Sebastian Ciancio, DDS
Full Name Sebastian Ciancio, DDS
Phone (716) 829-3848
Fax (716) 837-7623
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Speaker Biography

Sebastian G. Ciancio, DDS, is Distinguished Service Professor and Chair of the Dept. of Periodontics and Endodontics, Adjunct Professor of Pharmacology at the University at Buffalo, State University of New York, Schools of Medicine and Dental Medicine. He also is Director of the Center for Dental Studies at the University at Buffalo, diplomate of the American Board of Periodontology, past president of the American Academy of Periodontology and its Foundation, Immediate Past President, International Academy of Periodontology and author of over 150 scientific papers related to clinical periodontics and pharmacology. He is a member of the United States Pharmacopea Council of Dental Experts, and Editor of the ADA Guide to Dental Therapeutics. He has received a number of national honors and is a recipient of the Distinguished Scientist Award in Pharmacology from the International Assn. for Dental Research.

Course Descriptions

Title: Drug Interactions: Impact on Dental Practice

As our population ages, our patients are taking increasing numbers of medications, both prescribed and over-the counter products. All medications have a known risk/benefit ratio. Taking one or more drugs that interact may change this risk benefit ratio. This presentation is designed to provide dental practitioners with an understanding of drug interactions and mechanisms by which they occur and the role of liver metabolism in controlling many interactions. Emphasis will be placed on drugs prescribed by dental practitioners. Clinical examples of drug antagonism and synergism associated with commonly prescribed dental medications will be presented. Upon completion of this presentation, dentists will be able to understand the fundamentals of drug interactions and be able to minimize them in their practice.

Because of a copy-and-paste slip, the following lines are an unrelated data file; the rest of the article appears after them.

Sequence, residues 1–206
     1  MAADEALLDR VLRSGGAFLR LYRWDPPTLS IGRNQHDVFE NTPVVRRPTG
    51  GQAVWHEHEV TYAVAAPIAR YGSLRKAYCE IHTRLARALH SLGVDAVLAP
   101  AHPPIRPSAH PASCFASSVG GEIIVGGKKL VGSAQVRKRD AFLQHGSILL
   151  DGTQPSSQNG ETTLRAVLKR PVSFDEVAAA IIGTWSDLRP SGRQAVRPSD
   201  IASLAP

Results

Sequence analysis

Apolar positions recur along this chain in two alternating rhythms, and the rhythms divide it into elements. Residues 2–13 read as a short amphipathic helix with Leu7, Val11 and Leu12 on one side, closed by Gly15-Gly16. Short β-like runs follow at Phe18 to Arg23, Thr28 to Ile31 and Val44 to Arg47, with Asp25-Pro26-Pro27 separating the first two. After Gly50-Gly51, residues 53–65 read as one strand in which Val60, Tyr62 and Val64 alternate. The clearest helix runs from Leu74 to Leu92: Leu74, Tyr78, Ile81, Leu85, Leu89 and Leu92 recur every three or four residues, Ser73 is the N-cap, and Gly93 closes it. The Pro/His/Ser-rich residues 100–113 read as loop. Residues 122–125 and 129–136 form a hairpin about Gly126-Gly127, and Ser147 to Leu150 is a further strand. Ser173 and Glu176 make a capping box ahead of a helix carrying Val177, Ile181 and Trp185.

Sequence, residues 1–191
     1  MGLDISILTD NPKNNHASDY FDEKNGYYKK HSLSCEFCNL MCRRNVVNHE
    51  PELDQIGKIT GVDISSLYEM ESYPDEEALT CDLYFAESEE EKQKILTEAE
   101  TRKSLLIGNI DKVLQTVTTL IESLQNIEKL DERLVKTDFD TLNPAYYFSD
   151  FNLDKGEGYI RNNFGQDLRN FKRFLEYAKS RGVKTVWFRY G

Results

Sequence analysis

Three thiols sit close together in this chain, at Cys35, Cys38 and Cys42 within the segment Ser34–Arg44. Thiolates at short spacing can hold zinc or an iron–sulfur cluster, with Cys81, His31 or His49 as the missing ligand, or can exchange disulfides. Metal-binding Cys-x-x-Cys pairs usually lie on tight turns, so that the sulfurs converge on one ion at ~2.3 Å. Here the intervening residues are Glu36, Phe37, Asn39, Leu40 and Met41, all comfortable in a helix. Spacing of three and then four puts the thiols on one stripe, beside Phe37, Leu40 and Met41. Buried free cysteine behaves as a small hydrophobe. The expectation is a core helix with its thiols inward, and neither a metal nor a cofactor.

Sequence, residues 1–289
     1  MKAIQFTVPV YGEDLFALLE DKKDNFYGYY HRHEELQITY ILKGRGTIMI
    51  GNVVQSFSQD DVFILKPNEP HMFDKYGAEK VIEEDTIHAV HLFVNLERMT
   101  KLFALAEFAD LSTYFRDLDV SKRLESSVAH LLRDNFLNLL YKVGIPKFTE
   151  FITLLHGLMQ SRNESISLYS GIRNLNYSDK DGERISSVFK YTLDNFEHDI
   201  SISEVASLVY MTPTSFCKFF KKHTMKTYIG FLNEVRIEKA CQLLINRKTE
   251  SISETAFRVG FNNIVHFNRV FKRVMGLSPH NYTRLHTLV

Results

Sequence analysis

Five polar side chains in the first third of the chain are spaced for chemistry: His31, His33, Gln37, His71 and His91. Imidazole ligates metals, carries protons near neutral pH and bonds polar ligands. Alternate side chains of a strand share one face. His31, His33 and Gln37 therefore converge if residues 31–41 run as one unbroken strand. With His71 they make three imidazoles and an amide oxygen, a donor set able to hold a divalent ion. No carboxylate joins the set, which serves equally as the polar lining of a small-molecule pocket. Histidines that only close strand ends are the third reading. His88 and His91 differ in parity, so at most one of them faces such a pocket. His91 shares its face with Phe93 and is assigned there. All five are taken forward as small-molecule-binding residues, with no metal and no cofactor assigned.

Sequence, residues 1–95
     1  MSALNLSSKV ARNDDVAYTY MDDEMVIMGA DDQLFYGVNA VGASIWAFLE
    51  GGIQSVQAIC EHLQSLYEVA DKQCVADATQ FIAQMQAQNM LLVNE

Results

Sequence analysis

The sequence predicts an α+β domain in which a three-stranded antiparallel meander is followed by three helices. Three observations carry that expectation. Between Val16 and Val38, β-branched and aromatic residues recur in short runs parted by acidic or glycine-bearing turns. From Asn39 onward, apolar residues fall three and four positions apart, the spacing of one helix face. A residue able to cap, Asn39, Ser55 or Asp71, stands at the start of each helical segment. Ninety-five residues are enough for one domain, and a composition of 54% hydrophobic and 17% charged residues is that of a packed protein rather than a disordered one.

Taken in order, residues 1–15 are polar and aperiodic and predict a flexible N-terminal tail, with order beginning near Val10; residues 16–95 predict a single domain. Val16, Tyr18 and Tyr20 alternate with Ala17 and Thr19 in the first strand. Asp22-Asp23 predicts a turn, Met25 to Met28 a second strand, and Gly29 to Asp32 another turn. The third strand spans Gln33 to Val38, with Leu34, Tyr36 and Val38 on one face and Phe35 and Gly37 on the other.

Title: Lotions, Potions, Pastes and More!

When patients ask “What products should I use for better oral health, dental practitioners should be able to provide evidence based answers! When they are taking a variety of medications and present with changes in oral tissues, are these changes medication related? Over-the-counter and prescription drugs are used frequently, in large quantities and by many adults. As our population ages, the use of medications increases significantly . A number of these medications may impact oral health which in turn can affect general health. In view of this dental professionals and patients can expect to encounter oral side effects from use of their medications. Practitioners must be aware of medication related problems and their impact on diagosis and treatment planning of dental health problems. Also patients must be cognizant of these potential adverse effects on their oral health so that they can seek appropriate care as soon as possible. This program is designed to help dental practitioners become knowledgeable about oral manfestations of systemic agents as well as on the latest therapeutic, non-prescription oral healthcare products, including mouthrinses and herbal agents.

Title: Perio-Advanaces: Impact on Clinical Practice